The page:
With concerted effort being put in making natural resource management an all inclusive participatory bottom up process with a deliberate action to involve local communities, minimal focus has been given to the two prime social aspects of most local communities especially in Africa; culture and religion. This study looked at fisheries co management and specifically focused on the role cultural repertoires and religion may have in influencing local community participation in fisheries co management. A case study of Kuruwitu beach village in the North Coast of Kenya was selected. It sought to establish if the cultural repertoires‟ and religious beliefs of the Giriama community informed fisheries management and further on investigate if they still influenced modern-day fisheries management under the fisheries co management approach recently adopted by the Ministry of Fisheries Development. Ultimately, the study sought to find out if it would be imperative to incorporate such social aspects in the management framework. Primary and secondary data findings give an indication that the Giriama community still largely values their cultural and religious practices that revolve around fisheries management and this has however not been integrated in the co management regime implemented through the Beach Management Units (BMUs).Further analysis suggests that may be it would be prudent for policy makers and development interveners to incorporate these positive aspects while planning with such communities as this makes them own the process hence a more fruitful venture. Relevance to Development Studies At the core of development is sustainable natural resource management which recognizes the inexorable role of decentralization of natural resource management to the local communities through co- management. This study takes this further by seeking to establish the role social aspects; religion and culture may have on community‟s engagement in natural resource co- management with a special focus on fisheries resources in the North Coast of Kenya. Lessons leant here can be applied in other natural resource management cases for policy makers and development interveners.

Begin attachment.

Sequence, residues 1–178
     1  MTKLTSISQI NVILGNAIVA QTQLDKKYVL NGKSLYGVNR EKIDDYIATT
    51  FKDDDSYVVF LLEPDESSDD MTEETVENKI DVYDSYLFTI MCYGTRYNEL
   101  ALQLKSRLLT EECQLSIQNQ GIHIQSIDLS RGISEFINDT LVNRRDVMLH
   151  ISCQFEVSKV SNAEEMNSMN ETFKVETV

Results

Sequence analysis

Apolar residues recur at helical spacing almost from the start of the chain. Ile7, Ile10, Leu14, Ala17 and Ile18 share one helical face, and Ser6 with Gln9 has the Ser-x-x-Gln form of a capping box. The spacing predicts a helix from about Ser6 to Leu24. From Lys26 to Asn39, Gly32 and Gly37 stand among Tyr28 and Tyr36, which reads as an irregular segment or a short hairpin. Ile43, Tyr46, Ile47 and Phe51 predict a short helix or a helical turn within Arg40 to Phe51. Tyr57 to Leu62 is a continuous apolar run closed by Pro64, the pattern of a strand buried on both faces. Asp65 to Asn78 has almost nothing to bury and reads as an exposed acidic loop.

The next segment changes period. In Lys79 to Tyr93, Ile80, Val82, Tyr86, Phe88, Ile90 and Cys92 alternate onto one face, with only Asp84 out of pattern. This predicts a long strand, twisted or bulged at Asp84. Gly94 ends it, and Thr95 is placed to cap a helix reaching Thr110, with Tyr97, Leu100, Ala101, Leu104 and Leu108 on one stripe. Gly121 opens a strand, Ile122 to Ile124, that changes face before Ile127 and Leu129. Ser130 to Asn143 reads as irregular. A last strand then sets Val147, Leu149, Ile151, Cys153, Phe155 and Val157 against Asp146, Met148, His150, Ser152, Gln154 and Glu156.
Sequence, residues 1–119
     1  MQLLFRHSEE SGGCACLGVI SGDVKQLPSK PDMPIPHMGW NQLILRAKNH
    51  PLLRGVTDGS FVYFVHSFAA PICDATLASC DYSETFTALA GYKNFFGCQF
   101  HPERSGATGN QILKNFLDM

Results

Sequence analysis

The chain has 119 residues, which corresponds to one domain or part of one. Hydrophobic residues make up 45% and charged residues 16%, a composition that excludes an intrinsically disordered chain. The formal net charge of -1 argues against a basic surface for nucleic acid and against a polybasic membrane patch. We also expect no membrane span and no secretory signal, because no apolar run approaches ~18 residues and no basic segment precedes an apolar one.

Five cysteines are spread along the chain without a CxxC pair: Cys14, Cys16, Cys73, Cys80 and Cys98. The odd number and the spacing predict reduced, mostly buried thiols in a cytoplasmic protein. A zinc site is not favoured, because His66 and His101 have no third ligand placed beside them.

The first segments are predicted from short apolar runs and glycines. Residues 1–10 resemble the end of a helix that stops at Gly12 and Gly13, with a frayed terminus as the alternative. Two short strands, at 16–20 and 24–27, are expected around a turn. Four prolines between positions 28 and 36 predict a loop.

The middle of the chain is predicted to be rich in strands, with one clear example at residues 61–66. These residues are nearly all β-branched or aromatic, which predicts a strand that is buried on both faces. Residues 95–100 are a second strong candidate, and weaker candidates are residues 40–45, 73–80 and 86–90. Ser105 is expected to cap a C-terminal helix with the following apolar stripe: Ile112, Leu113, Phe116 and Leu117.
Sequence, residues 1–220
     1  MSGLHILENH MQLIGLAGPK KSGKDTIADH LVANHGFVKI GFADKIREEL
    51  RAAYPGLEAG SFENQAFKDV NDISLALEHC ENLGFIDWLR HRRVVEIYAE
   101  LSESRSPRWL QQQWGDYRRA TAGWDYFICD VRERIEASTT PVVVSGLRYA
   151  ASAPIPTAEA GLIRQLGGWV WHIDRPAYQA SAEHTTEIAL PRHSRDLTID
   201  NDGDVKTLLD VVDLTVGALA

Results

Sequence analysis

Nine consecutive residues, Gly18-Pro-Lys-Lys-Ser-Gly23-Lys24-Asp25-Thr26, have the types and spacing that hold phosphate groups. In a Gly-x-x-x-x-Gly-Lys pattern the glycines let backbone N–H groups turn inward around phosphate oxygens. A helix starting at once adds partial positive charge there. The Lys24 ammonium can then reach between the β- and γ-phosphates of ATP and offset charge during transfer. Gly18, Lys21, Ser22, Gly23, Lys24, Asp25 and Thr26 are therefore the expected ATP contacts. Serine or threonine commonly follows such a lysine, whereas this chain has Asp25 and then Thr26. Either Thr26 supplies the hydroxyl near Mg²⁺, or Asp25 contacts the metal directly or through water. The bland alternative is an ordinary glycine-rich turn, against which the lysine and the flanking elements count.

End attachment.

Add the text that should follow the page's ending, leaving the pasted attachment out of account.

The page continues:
Additional Metadata
Keywords Kenya, Religion, Culture, Fisheries co-management
Thesis Advisor Busher, Bram
Persistent URL hdl.handle.net/2105/10702
Series Environment and Sustainable Development (ESD)
Citation
Halinishi, N. Yusuf. (2011, December 15). Religion, Culture and Fisheries Co-management: A Case of Kuruwitu Beach Village in North Coast Kenya. Environment and Sustainable Development (ESD). Retrieved from http://hdl.handle.net/2105/10702